‘Tis the season for holiday dinners, hot chocolate and snuggling by the fire. For warm cookies, cozy sweaters and twinkly lights. And for my sons to dress like we’re in the midst of a heat wave in the tropics despite the near-freezing temps outside.
Folks, I do not get it. I have lived on this earth for more than 40 years now, been a mother for more than 12 of those, and I have resigned myself to the fact that there are certain things that I will just never understand. Quantum physics, for instance. Hell, I’ll probably never understand Common Core math for that matter. I’ll never understand why my kids enjoy watching YouTube videos of people literally doing nothing but opening packages of baseball cards or plastic-wrapped toys. I will never understand why staying an hour past their bedtime will make kids wake up two hours earlier than usual.
But perhaps the biggest mystery to me is why tween and teen boys insist on dressing like they’re heading to the swimming pool in July when it’s snowing in November. There might literally be snow on the ground, and you can see your breath, but my kids insist on wearing shorts and a T-shirt — sans coat, of course.
To my kids’ credit, I suppose, they rarely complain about being cold. They have learned, by now, that if they so much as shiver in my presence after I’ve reminded them of the frigid temps, they’ll feel the wrath of my wicked side-eye. Miss me with the “I’m cold” whining, fellas.
At this point, I’ve given up nagging them to dress appropriately for the weather. If they get cold, they’ll put on warmer clothes, right? Well, theoretically, I suppose. But these are headstrong and stubborn kids we’re talking about here, so they’d rather get frostbite than admit that their annoying ol’ mom was right about needing a hat and gloves.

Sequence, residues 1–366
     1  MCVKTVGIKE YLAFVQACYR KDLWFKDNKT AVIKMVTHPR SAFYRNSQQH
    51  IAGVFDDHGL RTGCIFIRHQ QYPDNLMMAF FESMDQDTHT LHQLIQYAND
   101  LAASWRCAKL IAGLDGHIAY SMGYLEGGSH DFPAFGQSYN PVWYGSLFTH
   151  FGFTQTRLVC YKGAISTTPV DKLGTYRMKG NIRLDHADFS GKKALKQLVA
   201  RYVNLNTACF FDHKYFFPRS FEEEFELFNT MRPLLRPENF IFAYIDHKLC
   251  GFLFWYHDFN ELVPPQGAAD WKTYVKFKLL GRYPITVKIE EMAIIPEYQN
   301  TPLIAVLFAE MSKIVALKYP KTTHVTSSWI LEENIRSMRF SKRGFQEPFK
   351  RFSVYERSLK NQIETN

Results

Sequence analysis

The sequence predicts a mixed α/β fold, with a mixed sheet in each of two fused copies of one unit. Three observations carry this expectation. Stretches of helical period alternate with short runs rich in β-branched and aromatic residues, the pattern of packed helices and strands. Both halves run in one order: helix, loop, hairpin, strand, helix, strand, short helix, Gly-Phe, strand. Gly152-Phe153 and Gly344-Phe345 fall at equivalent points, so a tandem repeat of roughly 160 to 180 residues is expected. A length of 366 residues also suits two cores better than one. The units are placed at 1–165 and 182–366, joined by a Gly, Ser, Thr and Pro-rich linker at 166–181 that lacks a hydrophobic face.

Truthfully, though, it’s not even my kids’ attire that bothers me or any fear of them getting cold. What frustrates me the most is all the passive-aggressive comments I have to hear from the general public.
No, grocery store clerk, my son isn’t going to catch a cold because he’s not wearing a coat. Fake news. That’s not how any of this works. If he catches a cold, it’ll be because he sits in a petri dish classroom of germs all winter, that’s why.
Yes, Aunt Hilda, I do buy my kids things like coats and hats and gloves. They choose not to wear them. I choose to let them suffer the natural consequences (being cold as hell) and hope that it will motivate them to make better choices in the future.
No, Stranger on the Street, I can’t “make” my kids wear a coat or hat. My son is 12-years-old and nearly as big as me. I assure you — it would be physically impossible to push his arms into a coat, and even if I could, I wouldn’t. You know, body autonomy and all.
One of the biggest lessons I’ve learned in parenting is that you have to pick your battles, and this is just not a hill I’m willing to die on. So here we are. Temps are in the mid-30s. There’s frost on the ground, and snow in the forecast. And my sons are wearing shorts and a T-shirt — while I resist the urge to tell them to put some damn clothes on.